Outside a Starbucks during one of the nicest days in this Texas winter, Stephanie Luhm of Little Elm was sitting across from me with a warm tea. It was 80 degrees outside, and she had ordered an iced tea, but the barista had gotten her order wrong. Twice. Being the woman she is, Stephanie took her hot drink outside and laughed the whole ordeal off. That’s just the way she is: Go with the flow. Whatever happens happens. Just keep truckin’.
It came as no surprise that when Stephanie began to talk about the kidney she donated to her son, Wiley, now 4½, she was open and positive about everything that she had been through. “Everyone says they want a healthy baby,” Stephanie says. “We just wanted a happy baby, and he was. He was such a happy baby and so much fun and brought joy to us.”
Most of us are born with two kidneys, but we don’t think much about them, even though they are vital to our survival. Without at least one kidney, our blood would be contaminated by waste and water. So, when doctors found out Wiley had a kidney disease, the Luhm family’s lives were changed—for the best, despite all the obstacles to come.
Stephanie and her husband, Mike, had been married for 10 years prior to Wiley. Although they had struggled to conceive a child, when she did get pregnant with Wiley, there was nothing abnormal—although at 40, she was a little older than most first-time mothers. At 38 weeks pregnant, Stephanie’s blood pressure went up, and labor had to be induced. It was a Wednesday. Nothing was progressing. On Thursday, the decision was made to perform a Caesarean section. It all happened so quickly: Wiley was born June 26, 2014, at Baylor Scott and White Medical Center in Frisco. But he was having a hard time breathing. Doctors found a small hole in his lungs, so they took him to the neonatal intensive care unit.
By Friday, the hole had been repaired. Something still wasn’t right. On Saturday, blood tests confirmed Wiley was in renal failure. Just two days after her C-section surgery, Stephanie was up and rushing behind her little boy on the way to Medical City Dallas Hospital. Emotions were high, and to add to the stress, Stephanie and Mike weren’t allowed to ride in the ambulance with their son. They had so many questions. What is happening? Why is this happening? Will Wiley be okay?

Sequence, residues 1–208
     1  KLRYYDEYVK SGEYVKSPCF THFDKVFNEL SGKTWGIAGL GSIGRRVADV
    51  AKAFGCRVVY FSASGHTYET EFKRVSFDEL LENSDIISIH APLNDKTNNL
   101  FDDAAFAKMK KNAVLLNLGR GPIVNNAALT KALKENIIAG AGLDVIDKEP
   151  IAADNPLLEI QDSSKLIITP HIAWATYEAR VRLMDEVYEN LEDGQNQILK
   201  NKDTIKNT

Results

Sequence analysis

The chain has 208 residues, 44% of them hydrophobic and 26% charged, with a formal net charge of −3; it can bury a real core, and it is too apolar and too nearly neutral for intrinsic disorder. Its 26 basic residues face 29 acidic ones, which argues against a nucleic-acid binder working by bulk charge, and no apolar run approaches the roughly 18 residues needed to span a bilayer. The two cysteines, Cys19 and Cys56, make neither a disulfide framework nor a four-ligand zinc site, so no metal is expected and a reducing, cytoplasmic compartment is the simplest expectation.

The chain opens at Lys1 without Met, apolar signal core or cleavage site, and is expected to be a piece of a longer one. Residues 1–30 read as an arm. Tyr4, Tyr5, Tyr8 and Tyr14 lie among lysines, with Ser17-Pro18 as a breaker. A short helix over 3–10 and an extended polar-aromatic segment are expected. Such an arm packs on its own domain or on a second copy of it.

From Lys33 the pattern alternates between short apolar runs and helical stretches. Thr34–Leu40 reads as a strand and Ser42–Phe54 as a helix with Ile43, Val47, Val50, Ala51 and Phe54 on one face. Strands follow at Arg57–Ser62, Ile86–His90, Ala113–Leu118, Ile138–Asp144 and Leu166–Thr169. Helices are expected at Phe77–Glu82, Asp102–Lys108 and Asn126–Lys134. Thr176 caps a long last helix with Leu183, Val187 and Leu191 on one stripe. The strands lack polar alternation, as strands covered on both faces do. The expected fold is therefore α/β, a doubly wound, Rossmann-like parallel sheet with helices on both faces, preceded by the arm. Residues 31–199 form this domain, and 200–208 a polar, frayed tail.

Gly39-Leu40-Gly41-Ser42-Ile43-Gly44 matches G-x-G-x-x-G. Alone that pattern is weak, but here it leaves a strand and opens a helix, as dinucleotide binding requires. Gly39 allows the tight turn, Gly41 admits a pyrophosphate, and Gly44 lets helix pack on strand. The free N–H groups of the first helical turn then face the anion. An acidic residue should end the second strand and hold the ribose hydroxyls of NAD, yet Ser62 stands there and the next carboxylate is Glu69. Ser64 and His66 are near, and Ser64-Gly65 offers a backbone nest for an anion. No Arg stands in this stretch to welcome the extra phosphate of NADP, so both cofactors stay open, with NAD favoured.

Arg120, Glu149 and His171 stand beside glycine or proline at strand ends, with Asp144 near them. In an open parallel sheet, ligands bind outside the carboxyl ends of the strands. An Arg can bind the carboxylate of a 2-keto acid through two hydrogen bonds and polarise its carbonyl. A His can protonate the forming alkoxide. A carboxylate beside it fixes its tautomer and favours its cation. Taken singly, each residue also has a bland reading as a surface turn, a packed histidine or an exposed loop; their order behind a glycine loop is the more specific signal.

“That drive to Medical City was probably one of the hardest things I’ve ever had to do,” Stephanie recalls. “My husband, he’s a Dallas firefighter, and he went through paramedic school. I just remember him saying in the car, ‘You have to make pee to live.’ And for them to be telling us that Wiley isn’t urinating … and the unknown of not knowing if he was going to make it or not was probably the most terrifying thing that I’ve ever gone through.”
Strapped with a ‘fire hose’
Once the family had arrived at the hospital, Dr. Albert H. Quan was there to assist them. The prognosis came back that Wiley had a posterior urethral valve, which is a fancy way of saying that while he was in Stephanie’s womb, a small piece of tissue developed that prevented him from urinating. Since Wiley couldn’t urinate, his bladder backed up the waste into his kidneys. This ended up being the cause of his kidney failure. Now, a typical patient would have two options: hemodialysis and peritoneal dialysis
To be able to do hemodialysis, the patient would need to be large enough to receive an artificial kidney to assist in removing the waste, chemicals and fluid from the blood. To be able to use the artificial kidney, doctors need to access blood vessels. Since Wiley was only 3 days old, his arteries were too small for that procedure. Instead, Wiley went into surgery on Sunday for peritoneal dialysis—which places a catheter in the stomach and uses a cleansing fluid to remove the waste from the blood.
Wiley’s troubles weren’t over, though. By the end of his 36 days spent in the NICU, Wiley had been through four surgeries—one to repair the posterior urethral valve, one for the catheter and two for hernias that were caused by dialysis. After he went home, for the first couple of months there were still plenty of lab pricks, doctor visits and of course, the new night and morning routine Stephanie and Mike worked through.
“We had this big machine and these solution bags, so you’d go in, and there’s this whole routine you have to go through,” Stephanie says. “You have to get clean. Wear a mask. You have to go in and connect his machine. You let it kind of process and everything, then you take him in, and you connect him. He’s got this little cord to connect him. My husband always calls his little catheter a ‘fire hose.’” Every night at 7pm, Wiley would get cozy with his fire-hose contraption until 7am the next day.
“When we first got home, he was doing it for 12 hours,” Stephanie says, “and I had to start going back to work. So that was really stressful. I remember several times on the way home being stuck in traffic bawling because he has to be on the machine at 7 to be done by 7 for me to then get to work the next morning.” The time Wiley spent on the machine eventually went down from 10 to eight hours, and he ended up spending only eight hours with the machine most nights.